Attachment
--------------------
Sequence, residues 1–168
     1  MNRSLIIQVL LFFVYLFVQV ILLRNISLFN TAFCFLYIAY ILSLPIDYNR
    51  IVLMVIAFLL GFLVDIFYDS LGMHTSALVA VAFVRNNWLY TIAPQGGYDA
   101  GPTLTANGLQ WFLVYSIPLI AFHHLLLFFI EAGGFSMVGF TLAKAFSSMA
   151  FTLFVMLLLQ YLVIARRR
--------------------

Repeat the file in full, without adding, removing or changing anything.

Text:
Sequence, residues 1–168
     1  MNRSLIIQVL LFFVYLFVQV ILLRNISLFN TAFCFLYIAY ILSLPIDYNR
    51  IVLMVIAFLL GFLVDIFYDS LGMHTSALVA VAFVRNNWLY TIAPQGGYDA
   101  GPTLTANGLQ WFLVYSIPLI AFHHLLLFFI EAGGFSMVGF TLAKAFSSMA
   151  FTLFVMLLLQ YLVIARRR